Streams

The Ends of the Earth

« previous episode | next episode »

Wednesday, December 02, 2009

On today’s show, we’ll examine the legal and social consequences of the increased reliance on “snitching” –and whether offering deals to criminal offenders in exchange for information is a good idea. Then, we’ll learn about Louis Howe, FDR’s closest advisor, who helped orchestrate Roosevelt’s return to politics after he lost an election and was paralyzed by polio. Photographer Michael Poliza discusses his collection of pictures of polar regions. Plus, Three Cups of Tea author Greg Mortenson talks about his efforts to establish girls' schools in Afghanistan and Pakistan.

Snitching

Alexandra Natapoff, Professor of Law at Loyola Law School in Los Angeles, argues that the consequences of snitching—police and prosecutors offering deals to criminal offenders in exchange for information—aren’t always positive. Her book Snitching: Criminal Informants and the Erosion of American Justice is a comprehensive analysis of this common ...

Comments [10]

FDR's Shadow

In 1921, Franklin Delano Roosevelt had just lost an election as vice president, was left paralyzed from the waist down by polio, and his marriage was on the rocks. Julie Fenster describes how his friend and advisor, Louis Howe, was instrumental in FDR’s resurgence and for shaping Eleanor Roosevelt’s role. ...

Comments [1]

Antarctica

Award-winning photographer Michael Poliza talks about venturing to the polar regions with his camera. His book Antarctic: A Tribute to Life in the Polar Regions captures images of these frozen paradises threatened by global warming.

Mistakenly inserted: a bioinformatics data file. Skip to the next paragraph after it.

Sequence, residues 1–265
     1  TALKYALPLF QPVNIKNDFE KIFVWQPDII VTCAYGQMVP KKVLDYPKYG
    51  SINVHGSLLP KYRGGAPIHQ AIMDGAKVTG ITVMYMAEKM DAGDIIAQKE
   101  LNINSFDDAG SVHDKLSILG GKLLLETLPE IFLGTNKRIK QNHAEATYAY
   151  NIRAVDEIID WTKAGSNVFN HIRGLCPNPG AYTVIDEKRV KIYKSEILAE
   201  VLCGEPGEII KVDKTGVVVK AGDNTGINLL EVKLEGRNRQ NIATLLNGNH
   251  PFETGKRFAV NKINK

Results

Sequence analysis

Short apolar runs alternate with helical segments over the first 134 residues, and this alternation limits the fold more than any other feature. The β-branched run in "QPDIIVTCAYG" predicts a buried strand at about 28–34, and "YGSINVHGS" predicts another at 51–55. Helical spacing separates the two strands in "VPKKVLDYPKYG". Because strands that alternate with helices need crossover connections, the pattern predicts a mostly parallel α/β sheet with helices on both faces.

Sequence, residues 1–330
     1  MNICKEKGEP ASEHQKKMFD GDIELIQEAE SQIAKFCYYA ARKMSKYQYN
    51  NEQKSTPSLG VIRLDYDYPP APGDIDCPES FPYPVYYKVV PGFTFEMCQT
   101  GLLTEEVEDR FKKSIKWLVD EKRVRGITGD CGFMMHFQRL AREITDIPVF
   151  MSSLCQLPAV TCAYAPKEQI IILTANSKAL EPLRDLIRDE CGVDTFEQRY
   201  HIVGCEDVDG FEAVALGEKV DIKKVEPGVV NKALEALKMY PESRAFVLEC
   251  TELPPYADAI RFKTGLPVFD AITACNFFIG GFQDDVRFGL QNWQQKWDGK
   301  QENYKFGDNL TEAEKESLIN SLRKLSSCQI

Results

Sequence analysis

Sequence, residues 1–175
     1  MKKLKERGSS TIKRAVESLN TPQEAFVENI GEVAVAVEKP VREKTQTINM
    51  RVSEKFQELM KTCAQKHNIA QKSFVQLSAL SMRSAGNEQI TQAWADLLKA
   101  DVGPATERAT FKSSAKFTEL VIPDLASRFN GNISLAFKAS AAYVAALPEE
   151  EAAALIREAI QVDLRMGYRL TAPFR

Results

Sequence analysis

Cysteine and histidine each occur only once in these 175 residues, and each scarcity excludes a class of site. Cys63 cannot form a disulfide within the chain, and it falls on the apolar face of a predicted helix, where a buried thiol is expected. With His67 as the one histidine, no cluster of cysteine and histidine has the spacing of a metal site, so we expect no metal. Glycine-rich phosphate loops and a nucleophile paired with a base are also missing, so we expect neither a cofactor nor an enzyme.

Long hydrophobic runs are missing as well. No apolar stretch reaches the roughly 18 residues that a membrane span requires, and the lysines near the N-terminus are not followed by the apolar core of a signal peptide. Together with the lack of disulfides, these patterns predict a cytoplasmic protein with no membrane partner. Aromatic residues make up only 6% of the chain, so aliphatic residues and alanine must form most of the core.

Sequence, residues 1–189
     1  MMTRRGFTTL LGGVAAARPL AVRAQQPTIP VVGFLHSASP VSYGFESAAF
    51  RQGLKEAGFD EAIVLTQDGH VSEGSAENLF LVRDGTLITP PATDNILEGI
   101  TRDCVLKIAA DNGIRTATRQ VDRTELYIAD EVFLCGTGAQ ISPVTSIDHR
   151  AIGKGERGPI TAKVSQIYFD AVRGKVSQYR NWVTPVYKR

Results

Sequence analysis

Comments [2]

Stones Into Schools

Picking up where his bestseller Three Cups of Tea left off in 2003, Greg Mortenson recounts his efforts to establish schools for girls in Afghanistan; his work in Azad Kashmir and Pakistan after the 2005 earthquake; and the ways he has built relationships with Islamic clerics, militia commanders, and ...

Comments [9]

News, weather, Radiolab, Brian Lehrer and more.
Get the best of WNYC in your inbox, every morning.

Leave a Comment

Register for your own account so you can vote on comments, save your favorites, and more. Learn more.
Please stay on topic, be civil, and be brief.
Email addresses are never displayed, but they are required to confirm your comments. Names are displayed with all comments. We reserve the right to edit any comments posted on this site. Please read the Comment Guidelines before posting. By leaving a comment, you agree to New York Public Radio's Privacy Policy and Terms Of Use.